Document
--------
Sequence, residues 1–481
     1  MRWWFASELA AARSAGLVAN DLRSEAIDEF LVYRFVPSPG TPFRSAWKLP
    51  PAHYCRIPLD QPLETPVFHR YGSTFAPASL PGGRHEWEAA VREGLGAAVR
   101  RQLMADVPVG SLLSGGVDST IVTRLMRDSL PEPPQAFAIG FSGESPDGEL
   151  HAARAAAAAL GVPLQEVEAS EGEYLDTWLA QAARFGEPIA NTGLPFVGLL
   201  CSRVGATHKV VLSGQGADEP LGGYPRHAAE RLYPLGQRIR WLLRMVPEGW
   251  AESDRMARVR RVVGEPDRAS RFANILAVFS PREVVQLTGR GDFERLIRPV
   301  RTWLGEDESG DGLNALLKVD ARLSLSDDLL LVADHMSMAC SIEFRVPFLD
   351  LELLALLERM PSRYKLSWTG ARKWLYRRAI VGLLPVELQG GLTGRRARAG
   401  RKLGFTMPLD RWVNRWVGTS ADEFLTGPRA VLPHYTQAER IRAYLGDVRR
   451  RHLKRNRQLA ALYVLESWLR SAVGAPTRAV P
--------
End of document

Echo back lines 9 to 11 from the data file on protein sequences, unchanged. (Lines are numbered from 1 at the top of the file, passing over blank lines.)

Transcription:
   351  LELLALLERM PSRYKLSWTG ARKWLYRRAI VGLLPVELQG GLTGRRARAG
   401  RKLGFTMPLD RWVNRWVGTS ADEFLTGPRA VLPHYTQAER IRAYLGDVRR
   451  RHLKRNRQLA ALYVLESWLR SAVGAPTRAV P